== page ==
Please watch the interview and then read more about their work below:

Nathan defines Christian nationalism as “a political ideology and distortion of religion” because it “merges Christian identity with a civic identity, specifically their form of Christianity with a conservative political identity. Their message is that we can only be good Christians if we share all of that. And he adds that the movement is about “seizing power just for themselves rather than sharing power” to attain justice and equality for all in our nation.

We want to lift up love, hope, grace, compassion, and dignity, he says, but we also need to “name the problem and take it on, just as Jesus did in his day.” It’s important to distinguish between the movement, which is not Christian, he says, and people in the movement who may be Christian as they claim to be. It’s the people we must love even as we challenge and call out the movement and its leaders.

So what can you do? How can you be involved? Nathan invites you to visit their website and go to “Resisting Christian Nationalism” where you will find a wealth of resources to learn about Christian nationalism and get involved. You will find a variety of curriculum resources for small group studies in your church or community. Use them. Learn from them and talk about them.

Show up! A familiar phrase, and always true. Get involved in your local community – school boards and local elections – and don’t leave your faith at home. Speak up in love with an alternative story about who we can be as a nation and community. For those of you who are Christian by faith and commitment, he says, “Jesus is the center of our narrative” – his words and life of love. [I would add that compassion and justice are the core of every religion – or non-religious worldview – at its best.] Christian nationalism gets its power from claiming to have a monopoly on Christianity. They don’t. Trust your sense of what’s right and speak out now in a way that people “feel loved and empowered.”

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Another resource you may want to explore is a free eBook called “One thing YOU can do,” available for download here. Learn the 2 ways to do that one thing and when and how to do it. … Once you’ve downloaded it, please visit Imagine and learn how you can be part of a growing community committed to opposing religious nationalism and building a better world. … Join us today and get a 30-day free trial subscription.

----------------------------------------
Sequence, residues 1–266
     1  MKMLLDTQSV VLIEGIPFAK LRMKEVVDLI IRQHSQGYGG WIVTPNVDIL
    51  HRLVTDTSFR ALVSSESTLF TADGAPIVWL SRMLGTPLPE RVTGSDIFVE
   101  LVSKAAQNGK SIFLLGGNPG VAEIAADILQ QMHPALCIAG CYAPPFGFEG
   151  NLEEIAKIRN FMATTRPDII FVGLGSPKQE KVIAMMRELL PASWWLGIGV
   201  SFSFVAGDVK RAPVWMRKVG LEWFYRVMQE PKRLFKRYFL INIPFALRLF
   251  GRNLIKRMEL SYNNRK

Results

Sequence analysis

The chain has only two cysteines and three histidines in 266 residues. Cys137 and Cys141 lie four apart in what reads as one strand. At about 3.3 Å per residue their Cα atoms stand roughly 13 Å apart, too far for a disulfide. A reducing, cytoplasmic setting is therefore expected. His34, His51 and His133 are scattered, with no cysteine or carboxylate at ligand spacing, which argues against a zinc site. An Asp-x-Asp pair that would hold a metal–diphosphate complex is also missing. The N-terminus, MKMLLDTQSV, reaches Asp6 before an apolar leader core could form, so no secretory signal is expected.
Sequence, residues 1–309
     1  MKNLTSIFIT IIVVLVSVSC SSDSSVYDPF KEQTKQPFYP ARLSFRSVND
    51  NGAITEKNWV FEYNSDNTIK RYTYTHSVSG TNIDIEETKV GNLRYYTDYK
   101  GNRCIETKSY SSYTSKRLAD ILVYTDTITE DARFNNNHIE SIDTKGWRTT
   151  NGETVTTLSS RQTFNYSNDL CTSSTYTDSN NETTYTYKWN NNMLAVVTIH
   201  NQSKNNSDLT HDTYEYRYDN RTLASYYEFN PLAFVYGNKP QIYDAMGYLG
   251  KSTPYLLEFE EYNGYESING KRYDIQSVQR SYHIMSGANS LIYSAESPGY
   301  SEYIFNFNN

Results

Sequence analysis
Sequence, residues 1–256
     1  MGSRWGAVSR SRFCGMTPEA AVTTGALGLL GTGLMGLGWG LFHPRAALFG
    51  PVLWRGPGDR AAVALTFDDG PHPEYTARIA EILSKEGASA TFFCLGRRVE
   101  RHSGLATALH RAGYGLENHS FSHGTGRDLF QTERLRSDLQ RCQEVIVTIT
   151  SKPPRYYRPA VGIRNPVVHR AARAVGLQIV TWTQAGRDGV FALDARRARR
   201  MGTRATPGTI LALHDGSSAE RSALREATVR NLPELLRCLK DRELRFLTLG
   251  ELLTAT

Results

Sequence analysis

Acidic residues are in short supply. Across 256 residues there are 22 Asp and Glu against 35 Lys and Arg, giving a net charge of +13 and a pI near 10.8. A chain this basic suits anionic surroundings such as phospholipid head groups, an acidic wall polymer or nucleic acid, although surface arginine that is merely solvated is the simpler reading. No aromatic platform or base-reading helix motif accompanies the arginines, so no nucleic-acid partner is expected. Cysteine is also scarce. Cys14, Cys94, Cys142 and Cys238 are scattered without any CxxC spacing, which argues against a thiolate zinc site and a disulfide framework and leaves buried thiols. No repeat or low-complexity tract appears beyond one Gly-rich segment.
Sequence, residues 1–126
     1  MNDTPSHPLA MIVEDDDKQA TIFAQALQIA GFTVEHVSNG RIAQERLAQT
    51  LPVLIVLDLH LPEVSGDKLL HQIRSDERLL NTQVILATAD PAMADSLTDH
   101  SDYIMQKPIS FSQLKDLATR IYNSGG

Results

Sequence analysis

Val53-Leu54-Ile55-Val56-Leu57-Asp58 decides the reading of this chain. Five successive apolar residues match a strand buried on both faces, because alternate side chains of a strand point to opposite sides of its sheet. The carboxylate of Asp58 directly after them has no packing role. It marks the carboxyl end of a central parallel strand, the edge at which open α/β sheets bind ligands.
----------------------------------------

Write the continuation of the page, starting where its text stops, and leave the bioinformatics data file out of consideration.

Making sense of it all

On Christmas morning, the Washington Examiner (a radical right newspaper) ran an unsigned editorial calling for “a return to shared ideals and the possibility of civility in disagreement” in 2023. We all want that, so I read on to hear their ideas for achieving it. What I heard blamed all our national troubles on a decline in church affiliation and attendance – what they termed faith, but which meant traditional Christian religion.

The writer claims that “unbelief…dimming of conscience…toxic ideologies” all come out of “woke ideology, a form of religion itself” which has replaced “traditional religion with a much darker religion — that excludes redemption.” And what are some of the consequences for our nation?

  • Lack of “love, respect, and common ground”
  • A “divisiveness” in our nation
  • Destruction of “a sense of community”
  • “Polarized and caustic national political conversation”

By faith and religion, this writer clearly means Christian faith and religion – and a specific version that comes from a worldview not all Christians share. If that’s not plain early in the editorial, it is clear by the end:

“Christmas is supposed to generate feelings of respect and kindness for others — the impulse to treat others as they would wish to be treated. Indeed, this impulse is one originating in the Golden Rule that Jesus later propounded as an adult. Where the world says to treat friends well and enemies poorly, and to take revenge on those who have wronged you, the child born on this day taught that vengeance belongs only to God. You, on the other hand, are born for something better: to love your enemies, to forgive offenses from the bottom of your heart, to bless those who curse you, and to love others not just as you love yourself but as he loves you.”